Bottom Line: Recently, a rapidly emerging paradigm has revealed GIV/Girdin as a central platform for receptor cross-talk which integrates signals downstream of a myriad of cell surface receptors, and modulates several key pathways within downstream signaling network, all via non-canonical activation of trimeric G proteins.Unlike canonical signal transduction via G proteins, which is spatially and temporally restricted, the temporal and spatial features of non-canonical activation of G protein via GIV is unusually unrestricted.Consequently, the GIV●G protein interface serves as a central hub allowing for control over several pathways within the pathologic signaling network, all at once.

View Article: PubMed Central - PubMed

Affiliation: Department of Medicine, University of California at San Diego, La Jolla, CA 92093, USA.

ABSTRACT
Most common diseases, e.g., cancer are driven by not one, but multiple cell surface receptors that trigger and sustain a pathologic signaling network. The largest fraction of therapeutic agents that target individual receptors/pathways eventually fail due to the emergence of compensatory mechanisms that reestablish the pathologic network. Recently, a rapidly emerging paradigm has revealed GIV/Girdin as a central platform for receptor cross-talk which integrates signals downstream of a myriad of cell surface receptors, and modulates several key pathways within downstream signaling network, all via non-canonical activation of trimeric G proteins. Unlike canonical signal transduction via G proteins, which is spatially and temporally restricted, the temporal and spatial features of non-canonical activation of G protein via GIV is unusually unrestricted. Consequently, the GIV●G protein interface serves as a central hub allowing for control over several pathways within the pathologic signaling network, all at once. The relevance of this new paradigm in cancer and other disease states and the pros and cons of targeting the GIV●G protein interface are discussed.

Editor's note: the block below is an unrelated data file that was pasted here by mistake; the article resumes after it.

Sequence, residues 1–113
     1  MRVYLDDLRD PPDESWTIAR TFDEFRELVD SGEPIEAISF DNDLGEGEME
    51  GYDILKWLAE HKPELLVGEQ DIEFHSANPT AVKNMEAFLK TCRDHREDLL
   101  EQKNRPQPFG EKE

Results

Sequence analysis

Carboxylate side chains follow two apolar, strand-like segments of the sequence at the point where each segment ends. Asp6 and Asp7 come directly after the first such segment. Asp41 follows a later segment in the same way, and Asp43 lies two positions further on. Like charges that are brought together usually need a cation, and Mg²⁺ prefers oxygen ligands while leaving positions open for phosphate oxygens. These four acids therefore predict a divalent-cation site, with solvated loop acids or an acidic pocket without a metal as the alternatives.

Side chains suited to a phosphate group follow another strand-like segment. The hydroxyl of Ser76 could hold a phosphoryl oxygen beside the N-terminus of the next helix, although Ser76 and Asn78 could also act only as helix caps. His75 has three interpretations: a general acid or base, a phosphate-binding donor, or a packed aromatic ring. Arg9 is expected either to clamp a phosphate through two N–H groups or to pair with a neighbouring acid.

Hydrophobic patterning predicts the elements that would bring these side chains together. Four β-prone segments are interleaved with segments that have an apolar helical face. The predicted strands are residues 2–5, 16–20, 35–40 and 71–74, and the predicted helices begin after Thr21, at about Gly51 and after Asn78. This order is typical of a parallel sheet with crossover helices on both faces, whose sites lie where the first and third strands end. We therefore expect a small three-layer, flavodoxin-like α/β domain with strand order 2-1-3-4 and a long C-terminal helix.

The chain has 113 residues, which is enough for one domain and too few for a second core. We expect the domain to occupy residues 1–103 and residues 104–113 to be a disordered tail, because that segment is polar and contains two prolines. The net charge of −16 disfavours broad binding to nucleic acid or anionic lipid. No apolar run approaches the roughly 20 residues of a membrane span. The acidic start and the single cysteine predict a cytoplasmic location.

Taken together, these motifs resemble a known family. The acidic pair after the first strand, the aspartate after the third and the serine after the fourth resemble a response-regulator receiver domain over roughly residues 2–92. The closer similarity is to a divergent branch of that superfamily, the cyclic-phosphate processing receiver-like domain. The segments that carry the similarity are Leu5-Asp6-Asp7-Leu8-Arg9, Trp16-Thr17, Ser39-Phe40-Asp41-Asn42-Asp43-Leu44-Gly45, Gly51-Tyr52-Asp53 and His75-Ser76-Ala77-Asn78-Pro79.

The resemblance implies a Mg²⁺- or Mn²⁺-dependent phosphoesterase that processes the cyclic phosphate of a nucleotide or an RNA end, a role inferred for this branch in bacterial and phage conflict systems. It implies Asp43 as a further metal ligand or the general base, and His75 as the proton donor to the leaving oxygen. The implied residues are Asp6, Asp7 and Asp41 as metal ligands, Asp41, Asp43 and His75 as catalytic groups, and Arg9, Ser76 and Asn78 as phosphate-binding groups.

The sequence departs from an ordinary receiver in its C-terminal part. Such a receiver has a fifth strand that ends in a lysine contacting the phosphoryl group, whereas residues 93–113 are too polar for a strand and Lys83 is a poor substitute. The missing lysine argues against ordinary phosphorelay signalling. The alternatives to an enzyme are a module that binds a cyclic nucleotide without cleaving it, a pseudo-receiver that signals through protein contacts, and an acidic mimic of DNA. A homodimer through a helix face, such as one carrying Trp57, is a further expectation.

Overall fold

No MeSH data available.


Related in: MedlinePlus